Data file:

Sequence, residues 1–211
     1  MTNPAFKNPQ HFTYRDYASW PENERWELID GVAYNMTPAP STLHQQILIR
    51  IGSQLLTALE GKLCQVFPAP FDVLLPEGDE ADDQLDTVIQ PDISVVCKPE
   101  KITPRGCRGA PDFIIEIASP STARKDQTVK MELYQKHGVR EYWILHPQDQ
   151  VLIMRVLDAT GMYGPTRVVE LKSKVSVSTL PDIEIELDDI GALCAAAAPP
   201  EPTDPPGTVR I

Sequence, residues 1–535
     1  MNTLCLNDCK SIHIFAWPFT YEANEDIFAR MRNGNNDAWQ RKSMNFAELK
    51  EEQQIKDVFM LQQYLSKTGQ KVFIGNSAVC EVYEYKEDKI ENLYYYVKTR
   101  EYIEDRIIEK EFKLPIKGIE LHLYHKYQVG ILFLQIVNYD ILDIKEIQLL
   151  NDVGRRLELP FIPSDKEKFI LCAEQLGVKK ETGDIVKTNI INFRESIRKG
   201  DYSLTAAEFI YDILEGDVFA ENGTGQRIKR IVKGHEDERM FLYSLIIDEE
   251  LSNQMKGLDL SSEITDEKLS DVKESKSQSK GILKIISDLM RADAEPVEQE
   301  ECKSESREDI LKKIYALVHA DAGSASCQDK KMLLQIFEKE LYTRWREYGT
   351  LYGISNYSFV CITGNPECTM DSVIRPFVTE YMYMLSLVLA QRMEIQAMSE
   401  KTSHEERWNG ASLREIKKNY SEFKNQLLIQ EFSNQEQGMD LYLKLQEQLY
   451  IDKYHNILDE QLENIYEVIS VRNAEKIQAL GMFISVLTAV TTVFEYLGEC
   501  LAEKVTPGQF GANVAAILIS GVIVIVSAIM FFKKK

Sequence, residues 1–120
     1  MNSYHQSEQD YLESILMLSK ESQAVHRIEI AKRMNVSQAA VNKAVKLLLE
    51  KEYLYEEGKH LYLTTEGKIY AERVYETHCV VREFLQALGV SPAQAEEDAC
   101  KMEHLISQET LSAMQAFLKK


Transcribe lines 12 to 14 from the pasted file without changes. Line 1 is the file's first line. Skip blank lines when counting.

   201  DYSLTAAEFI YDILEGDVFA ENGTGQRIKR IVKGHEDERM FLYSLIIDEE
   251  LSNQMKGLDL SSEITDEKLS DVKESKSQSK GILKIISDLM RADAEPVEQE
   301  ECKSESREDI LKKIYALVHA DAGSASCQDK KMLLQIFEKE LYTRWREYGT